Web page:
The Great Recession is still impacting charitable giving, even as the economy continues to improve. According to The Chronicle of Philanthropy, wealthy Americans earned more but gave a smaller percentage of their income to charity.
The Chronicle used tax information from the Internal Revenue Service to track charitable gifts at state, county, metropolitan area, and ZIP code levels. The study looked at more than $180 billion in donations to charity in 2012 and found that out of Americans earning $200,000 or more, total giving decreased 4.6 percent since 2006. On the other hand, those who earned less than $100,000 gave 4.5 percent more of their income to charity, the report found.
There were some other interesting findings in the report. While giving in the largest U.S. cities declined, it increased sharply in certain areas. Residents in Las Vegas increased giving by almost 15 percent from 2006 to 2012, which was the highest such spike in the country. The report also noted that Las Vegas was hit particularly hard by the recession. Overall, Nevada, Idaho, Georgia, Connecticut, and Florida had the most growth in charitable giving.
Why are the poor more charitable?
The fact that those with less wealth are more likely to give than those with greater resources may seem puzzling at first, but it’s an ongoing trend. A 2010 article from The New York Times reported data from Independent Sector, which found that households earning less than $25,000 annually gave 4.2 percent of their incomes, while those earning more than $75,000 gave just 2.7 percent.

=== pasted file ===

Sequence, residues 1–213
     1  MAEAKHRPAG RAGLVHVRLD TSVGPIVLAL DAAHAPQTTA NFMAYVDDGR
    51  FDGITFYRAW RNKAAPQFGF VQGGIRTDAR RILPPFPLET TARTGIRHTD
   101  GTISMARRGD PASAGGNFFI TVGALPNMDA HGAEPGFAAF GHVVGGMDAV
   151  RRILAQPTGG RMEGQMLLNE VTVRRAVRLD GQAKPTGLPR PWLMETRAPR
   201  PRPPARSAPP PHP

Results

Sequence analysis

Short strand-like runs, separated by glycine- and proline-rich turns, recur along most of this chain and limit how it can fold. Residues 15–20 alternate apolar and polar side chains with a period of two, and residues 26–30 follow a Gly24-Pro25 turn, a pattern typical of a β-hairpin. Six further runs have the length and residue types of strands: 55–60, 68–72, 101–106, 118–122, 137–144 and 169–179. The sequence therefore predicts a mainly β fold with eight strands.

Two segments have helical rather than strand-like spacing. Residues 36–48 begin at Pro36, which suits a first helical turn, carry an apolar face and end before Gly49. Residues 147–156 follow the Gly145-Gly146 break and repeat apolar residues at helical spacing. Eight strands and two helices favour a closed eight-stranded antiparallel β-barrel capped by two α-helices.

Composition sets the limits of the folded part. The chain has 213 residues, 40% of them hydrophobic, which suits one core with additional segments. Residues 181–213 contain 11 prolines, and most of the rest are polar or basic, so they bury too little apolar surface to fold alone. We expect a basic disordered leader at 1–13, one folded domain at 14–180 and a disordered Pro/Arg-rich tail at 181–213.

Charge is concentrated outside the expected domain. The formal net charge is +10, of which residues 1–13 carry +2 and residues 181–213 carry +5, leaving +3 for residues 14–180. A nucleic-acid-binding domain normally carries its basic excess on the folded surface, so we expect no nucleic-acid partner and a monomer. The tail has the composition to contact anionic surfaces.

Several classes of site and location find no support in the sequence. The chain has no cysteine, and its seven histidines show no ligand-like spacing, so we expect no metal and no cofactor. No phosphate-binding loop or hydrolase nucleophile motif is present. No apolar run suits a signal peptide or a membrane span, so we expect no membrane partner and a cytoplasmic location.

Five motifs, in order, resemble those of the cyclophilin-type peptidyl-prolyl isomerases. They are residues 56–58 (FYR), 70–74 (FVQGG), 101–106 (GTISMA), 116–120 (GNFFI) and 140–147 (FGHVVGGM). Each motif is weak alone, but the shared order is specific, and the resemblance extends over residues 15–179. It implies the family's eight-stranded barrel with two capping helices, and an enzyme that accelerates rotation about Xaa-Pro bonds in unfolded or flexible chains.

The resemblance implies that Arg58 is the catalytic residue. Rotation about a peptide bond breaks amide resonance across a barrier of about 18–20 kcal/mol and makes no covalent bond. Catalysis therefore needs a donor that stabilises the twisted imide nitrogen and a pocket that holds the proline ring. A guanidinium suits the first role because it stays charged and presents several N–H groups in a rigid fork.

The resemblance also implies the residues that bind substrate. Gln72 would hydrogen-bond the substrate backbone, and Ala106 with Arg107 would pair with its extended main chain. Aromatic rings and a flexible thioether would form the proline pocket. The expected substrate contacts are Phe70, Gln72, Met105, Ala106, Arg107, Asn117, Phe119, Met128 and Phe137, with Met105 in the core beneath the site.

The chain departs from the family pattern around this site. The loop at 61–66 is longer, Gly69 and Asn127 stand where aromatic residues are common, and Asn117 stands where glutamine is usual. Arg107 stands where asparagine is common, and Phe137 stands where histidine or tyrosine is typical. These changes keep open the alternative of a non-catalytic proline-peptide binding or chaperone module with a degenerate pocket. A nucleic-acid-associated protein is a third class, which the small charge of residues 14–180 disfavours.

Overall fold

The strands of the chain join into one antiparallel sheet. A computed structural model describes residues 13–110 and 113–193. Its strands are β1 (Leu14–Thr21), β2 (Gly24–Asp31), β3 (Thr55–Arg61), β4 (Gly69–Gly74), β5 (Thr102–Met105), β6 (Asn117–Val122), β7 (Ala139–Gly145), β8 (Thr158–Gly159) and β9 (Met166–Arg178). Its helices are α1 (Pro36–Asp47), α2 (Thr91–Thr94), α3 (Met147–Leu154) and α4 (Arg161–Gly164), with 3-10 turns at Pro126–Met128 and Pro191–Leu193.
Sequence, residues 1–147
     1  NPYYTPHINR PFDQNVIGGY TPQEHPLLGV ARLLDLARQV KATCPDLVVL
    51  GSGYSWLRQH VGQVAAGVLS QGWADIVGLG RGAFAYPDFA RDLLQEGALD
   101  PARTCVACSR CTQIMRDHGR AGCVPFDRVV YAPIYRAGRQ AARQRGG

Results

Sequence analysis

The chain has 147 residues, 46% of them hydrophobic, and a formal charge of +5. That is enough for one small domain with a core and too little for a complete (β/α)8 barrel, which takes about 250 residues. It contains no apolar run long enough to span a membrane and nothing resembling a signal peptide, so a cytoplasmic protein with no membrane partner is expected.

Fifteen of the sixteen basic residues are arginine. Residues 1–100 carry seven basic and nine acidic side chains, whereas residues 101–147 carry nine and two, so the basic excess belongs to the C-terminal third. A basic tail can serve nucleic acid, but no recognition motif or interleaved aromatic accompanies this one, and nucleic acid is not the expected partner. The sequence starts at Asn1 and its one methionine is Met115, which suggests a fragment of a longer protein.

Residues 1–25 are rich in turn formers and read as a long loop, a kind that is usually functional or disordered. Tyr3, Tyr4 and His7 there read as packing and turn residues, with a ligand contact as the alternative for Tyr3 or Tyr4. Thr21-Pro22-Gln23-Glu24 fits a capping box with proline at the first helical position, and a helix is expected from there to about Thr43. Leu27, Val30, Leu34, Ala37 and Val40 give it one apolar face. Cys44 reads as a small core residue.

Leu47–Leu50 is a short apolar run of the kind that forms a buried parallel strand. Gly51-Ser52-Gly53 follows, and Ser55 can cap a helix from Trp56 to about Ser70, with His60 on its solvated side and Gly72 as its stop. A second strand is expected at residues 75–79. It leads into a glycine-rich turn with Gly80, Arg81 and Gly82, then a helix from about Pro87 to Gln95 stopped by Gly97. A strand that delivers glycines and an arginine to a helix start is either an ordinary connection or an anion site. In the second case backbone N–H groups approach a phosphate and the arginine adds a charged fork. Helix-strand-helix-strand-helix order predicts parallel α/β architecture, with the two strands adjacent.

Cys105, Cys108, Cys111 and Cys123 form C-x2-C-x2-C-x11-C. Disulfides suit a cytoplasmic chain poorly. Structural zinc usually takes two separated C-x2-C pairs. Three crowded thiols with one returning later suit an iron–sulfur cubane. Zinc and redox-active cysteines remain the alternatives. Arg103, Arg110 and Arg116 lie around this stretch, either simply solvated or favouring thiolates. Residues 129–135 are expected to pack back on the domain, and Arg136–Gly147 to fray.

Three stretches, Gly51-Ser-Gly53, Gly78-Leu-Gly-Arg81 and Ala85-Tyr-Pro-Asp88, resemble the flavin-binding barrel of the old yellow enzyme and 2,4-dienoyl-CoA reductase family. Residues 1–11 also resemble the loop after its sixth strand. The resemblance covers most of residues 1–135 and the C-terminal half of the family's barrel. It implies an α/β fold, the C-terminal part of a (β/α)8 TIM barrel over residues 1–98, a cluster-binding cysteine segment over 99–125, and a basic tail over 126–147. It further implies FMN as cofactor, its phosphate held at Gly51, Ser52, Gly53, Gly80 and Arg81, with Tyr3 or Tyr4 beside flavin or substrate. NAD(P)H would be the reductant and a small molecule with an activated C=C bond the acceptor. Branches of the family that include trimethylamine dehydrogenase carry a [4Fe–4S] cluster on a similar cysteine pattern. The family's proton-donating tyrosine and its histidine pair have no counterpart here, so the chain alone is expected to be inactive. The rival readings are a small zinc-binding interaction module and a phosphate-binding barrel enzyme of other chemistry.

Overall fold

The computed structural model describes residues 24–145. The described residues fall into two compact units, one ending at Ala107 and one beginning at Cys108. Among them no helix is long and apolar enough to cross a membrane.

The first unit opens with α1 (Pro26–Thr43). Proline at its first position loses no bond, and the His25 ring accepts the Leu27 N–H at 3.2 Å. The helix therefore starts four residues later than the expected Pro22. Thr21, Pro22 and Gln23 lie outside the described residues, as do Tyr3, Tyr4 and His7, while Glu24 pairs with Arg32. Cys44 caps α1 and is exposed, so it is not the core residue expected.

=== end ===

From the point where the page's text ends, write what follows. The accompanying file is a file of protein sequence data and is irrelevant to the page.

The newspaper cited a study from the Institute of Personality and Social Research, which had similar findings. The less well-off were more likely to give. But the study also determined the psychological factors that went into giving. The result was what the newspaper called a “compassion deficit” that is derived from the groups’ differences inexperience. In other words, because the less wealthy have generally experienced hardship, they understand the need to contribute to charitable organizations more than well-off households.
In an interview with the magazine, Paul Pill, then a Ph.D. candidate at the University of California, Berkley, said the giving patterns could potentially be changed.
Empathy plays a significant role in charitable giving. As such, if nonprofits want to increase donations from the wealthy, they may have to tap into donor emotions in giving campaigns. One key way to do this is by telling stories that demonstrate the impact their dollars can make in the community and sharing these. It’s all about communicating the value of nonprofit programming.
It may require a lot of work across the nonprofit sector to close this charity gap or compassion deficit, but with collaboration and strategic work, it can be done. All nonprofits need to keep these findings in mind when putting together the end-of-the-year giving campaigns. Using donation management software and business intelligence, it may be possible to better segment between different groups and send targeted messages that could increase donations in the long run.